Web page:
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Definition: Hurston, Zora Neale from The Hutchinson Unabridged Encyclopedia with Atlas and Weather Guide

US writer. She was associated with the Harlem Renaissance. She collected traditional Afro-American folk tales in Mules and Men (1935) and Tell My Horse (1938). Among her many other works are the novel Their Eyes Were Watching God (1937) and her autobiography Dust Tracks on a Road (1942).

Although her conservative philosophy of her later years alienated many of her contemporaries, she was a key figure for following generations of black women writers, including Alice Walker, who edited a collection of her writings, I Love Myself When I Am Laughing (1979).


Summary Article: Preserving the Black Folk Heritage: Zora Neale Hurston
From The SAGE Encyclopedia of African Cultural Heritage in North America

The career of Zora Neale Hurston (1891–1960) spanned 30 years, in which she published four novels, two books of folklore, an autobiography, numerous short stories, and several essays, articles, and plays. Hurston's interest in anthropology is evident in her body of work, and she became a pioneer of African American ethnography, dedicating her life and work to preserving the Black folk heritage. Her eyes and ears were open to the rich life of Black folk heritage at a young age, growing up in Eatonville, a small town in Florida that was incorporated and governed by Black people. With African Americans coming from all over the South to Eatonville, this remarkable town was an endless source of stories, which led to Hurston's appreciation for the richness of Black culture through folklore and transforming it to art through fiction.

Discovering a Dual Vocation

Hurston began publishing short stories in the 1920s when she was an anthropology student at Barnard College. She was encouraged by Franz Boas, a Barnard professor and anthropologist, to do some fieldwork collecting stories, folkways, language, superstitions, music, and religious practices from African Americans migrating from the South to the North. Hurston collected the folklore from the years of 1927 to 1939, beginning in the South from 1927 to 1931; Jamaica, Haiti, and Bermuda from 1937 to 1938; Florida for the Works Progress Administration from 1938 to 1939; and the Honduras from 1946 to 1948. Hurston traveled from Mobile, Alabama, to Florida to New Orleans, Louisiana, gathering and recording tales, songs, games, customs, and voodoo rituals of rural southern Black America.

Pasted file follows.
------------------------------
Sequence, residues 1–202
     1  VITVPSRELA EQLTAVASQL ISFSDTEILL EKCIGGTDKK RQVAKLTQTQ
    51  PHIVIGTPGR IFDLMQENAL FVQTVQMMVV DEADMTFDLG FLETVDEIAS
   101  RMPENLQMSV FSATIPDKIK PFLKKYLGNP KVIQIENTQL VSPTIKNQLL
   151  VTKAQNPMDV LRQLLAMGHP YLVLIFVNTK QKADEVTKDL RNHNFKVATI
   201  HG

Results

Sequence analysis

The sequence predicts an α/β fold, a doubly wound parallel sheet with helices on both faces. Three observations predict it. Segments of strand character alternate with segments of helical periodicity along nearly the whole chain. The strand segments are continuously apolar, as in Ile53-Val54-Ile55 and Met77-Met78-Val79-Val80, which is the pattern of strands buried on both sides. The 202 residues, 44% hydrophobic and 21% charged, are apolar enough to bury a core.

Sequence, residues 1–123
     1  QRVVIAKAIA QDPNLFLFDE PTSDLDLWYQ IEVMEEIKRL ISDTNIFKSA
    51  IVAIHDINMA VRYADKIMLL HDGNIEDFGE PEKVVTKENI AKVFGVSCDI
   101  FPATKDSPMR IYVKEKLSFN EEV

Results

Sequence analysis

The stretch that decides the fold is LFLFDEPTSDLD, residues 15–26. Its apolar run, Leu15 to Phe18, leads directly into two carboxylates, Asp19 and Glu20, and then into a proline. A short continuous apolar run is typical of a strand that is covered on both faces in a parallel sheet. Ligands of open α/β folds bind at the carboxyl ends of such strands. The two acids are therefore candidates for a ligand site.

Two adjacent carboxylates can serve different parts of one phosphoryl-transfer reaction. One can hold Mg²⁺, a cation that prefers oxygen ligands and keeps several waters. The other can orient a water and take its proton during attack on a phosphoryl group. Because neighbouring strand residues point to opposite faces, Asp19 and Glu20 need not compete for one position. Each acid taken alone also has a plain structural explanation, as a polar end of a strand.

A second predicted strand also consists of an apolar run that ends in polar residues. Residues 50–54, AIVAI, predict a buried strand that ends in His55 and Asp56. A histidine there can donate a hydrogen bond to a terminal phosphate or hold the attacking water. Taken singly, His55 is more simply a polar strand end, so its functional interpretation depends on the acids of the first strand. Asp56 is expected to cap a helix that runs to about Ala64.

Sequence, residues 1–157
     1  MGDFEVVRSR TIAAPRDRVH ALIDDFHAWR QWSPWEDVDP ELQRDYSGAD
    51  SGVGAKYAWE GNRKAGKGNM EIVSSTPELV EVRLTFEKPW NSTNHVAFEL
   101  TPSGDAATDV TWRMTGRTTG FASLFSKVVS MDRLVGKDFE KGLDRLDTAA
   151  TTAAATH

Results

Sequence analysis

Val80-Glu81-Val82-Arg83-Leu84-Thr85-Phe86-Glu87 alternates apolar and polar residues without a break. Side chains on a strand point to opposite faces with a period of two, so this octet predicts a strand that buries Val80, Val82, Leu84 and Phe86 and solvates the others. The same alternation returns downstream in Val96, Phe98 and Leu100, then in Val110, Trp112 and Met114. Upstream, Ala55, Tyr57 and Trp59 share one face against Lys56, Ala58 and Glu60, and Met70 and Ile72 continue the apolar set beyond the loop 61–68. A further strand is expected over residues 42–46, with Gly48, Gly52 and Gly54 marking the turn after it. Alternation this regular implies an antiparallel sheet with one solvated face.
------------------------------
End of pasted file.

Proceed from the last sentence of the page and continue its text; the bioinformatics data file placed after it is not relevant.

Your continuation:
The collection of African American folklore gathered from her travels to the South ultimately became Mules and Men, the first great collection of African Americans’ folk world. While living in South Florida, she met a group of West Africans traveling to Bermuda and became interested in their customs, folklore, and dancing. At that point, Hurston began to find herself and her history and made the links between African, African American, and African Caribbean folklore. Subsequently, she traveled to the Honduras, Bermuda, Haiti, and Jamaica collecting folklore of the African diaspora and published a detailed description of everyday life and rituals in Tell My Horse: Voodoo and Life in Haiti and Jamaica.

When Hurston found herself at the height of the Harlem Renaissance, she realized that the folk material that she had heard and loved as child was part of an oral tradition that had been handed down from Africa and preserved throughout the era of enslavement. Soon, she found her artistic voice and set out to present and preserve the folk voice and expression through folklore. Hurston became known during the Harlem Renaissance for her humor, irreverence, and writing style. Her figurative language, storytelling abilities, and portrayal of Black culture made hers a distinctive voice.

For Hurston, there was a fine line between folklore and fiction. The theme of Black folk culture is prevalent in most of her work, including Tell My Horse; Jonah's Gourd Vine; Moses, Man of the Mountain; and Every Tongue Got to Confess, the third volume of folktales that she collected on her travels through the Gulf States in the late 1920s. This collection has nearly 500 folktales representing African American life in the South and represents a major part of Hurston's literary legacy.

In 1937, Hurston published a masterwork of fiction, Their Eyes Were Watching God, which drew heavily on Black folklore, history, culture, and language. Drawing material from her childhood and the historical relevance of the community of her upbringing, she wove Black folk culture as a thread throughout her work to demonstrate and represent communal life, oral traditions in folktales, riddles, and spiritual and blues music. Her rural 1930s stories were set in her hometown of Eatonville, Florida. Eatonville was originally incorporated as an African American town, a unique situation that had an impact throughout Hurston's life. This is where she received her earliest training in Black southern folktales, where she heard local storytellers tell their colorful stories of “lies.”

Hurston's mastery of the short story form is evident in a posthumous collection published in 1995 as The Complete Stories, in which she captures the rhythms of African American life and speech, paying tribute to the richness of Black vernacular while reflecting with humor, wisdom, and compassion on the trials and tribulations of the African American experience. As she continued to pursue her writing career, she began to add elements of drama and essay to her work and was soon a well-established creative force in the African American and literary communities.

Hurston's Literary Legacy